The legal definition of hostile is not the same as the standard definition. In matters of land disputes, hostile is synonymous with unwelcomed and is used in three different types of scenarios. The first is when the occupier does not even know another owns the land. The most obvious is when the trespasser knows that they are trespassing. And, finally, there is the incidence of a good-faith mistake. Here, the occupier did not purposely seek the use of the land but instead had been occupying or using the land by mistake, typically due to an error on the title, deed, or through an incorrect boundary survey. Not all states recognize the good-faith mistake in favor of the occupier.

Use Or Possession

A key point in an adverse possession claim is for the trespasser to have actual possession or use of the property. Often, the court will expect to see that the trespasser has already established a pattern of treating the land as an owner might. This can include an established record of maintaining and improving the property.

Open and Notorious

In this consideration, the trespasser has not made efforts to conceal their use and possession of the land. The use has been noticeable and, assuming that the landowner made an effort to investigate or visit the property, the owner would’ve known a trespasser was present.

Exclusive and Continuous Use

A final hallmark of adverse possession is that the trespasser, and exclusively the trespasser, has made continuous use of the property. The amount of time in which the trespasser must collect to meet this threshold varies by state. Here, the determining factor is that the land has been used and occupied without interruption. A trespasser may not claim rights if the property was used only sometimes or inconsistently.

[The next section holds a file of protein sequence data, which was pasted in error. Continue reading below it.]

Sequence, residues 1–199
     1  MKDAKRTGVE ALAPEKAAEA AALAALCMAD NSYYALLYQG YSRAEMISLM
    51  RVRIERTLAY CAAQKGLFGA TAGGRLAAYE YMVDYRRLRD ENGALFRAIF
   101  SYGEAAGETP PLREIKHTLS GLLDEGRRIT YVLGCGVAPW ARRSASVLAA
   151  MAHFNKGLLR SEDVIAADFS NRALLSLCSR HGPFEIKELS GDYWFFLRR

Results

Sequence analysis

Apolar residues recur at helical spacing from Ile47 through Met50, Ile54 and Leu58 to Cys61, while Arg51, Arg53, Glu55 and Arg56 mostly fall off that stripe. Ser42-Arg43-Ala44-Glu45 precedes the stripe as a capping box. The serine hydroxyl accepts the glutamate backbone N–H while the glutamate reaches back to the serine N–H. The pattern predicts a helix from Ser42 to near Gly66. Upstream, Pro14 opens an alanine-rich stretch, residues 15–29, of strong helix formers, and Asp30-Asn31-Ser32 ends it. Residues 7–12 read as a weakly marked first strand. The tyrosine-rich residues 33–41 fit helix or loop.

Prevention Of Adverse Possession

As a landowner, there are a few actions that may deter, if not prevent, loss of property through adverse possession. First, make sure that you are aware of what is happening on your property. Always post “No Trespassing” signs and fence the area where possible. This demonstrates that you have made an effort to prevent others’ use of the land. If you know of someone using the land, give written permission and ask for documented acknowledgment that they are operating with the owner’s expressed and temporary consent. You might offer the use of the land through a rental agreement. All of these options can help discourage, though not necessarily prevent, an adverse possession claim.

Seek A Lawyer

Hopefully, understanding how the process of adverse possession can happen will help you avoid it happening to you. When all efforts to prevent a trespasser from seeking legal ownership of your property, you may need to seek legal help. It can be a last resort to get advice, have someone represent your claim, coordinate the claim through the courts, and help you to navigate the expectations that the law may have of you in this unique position.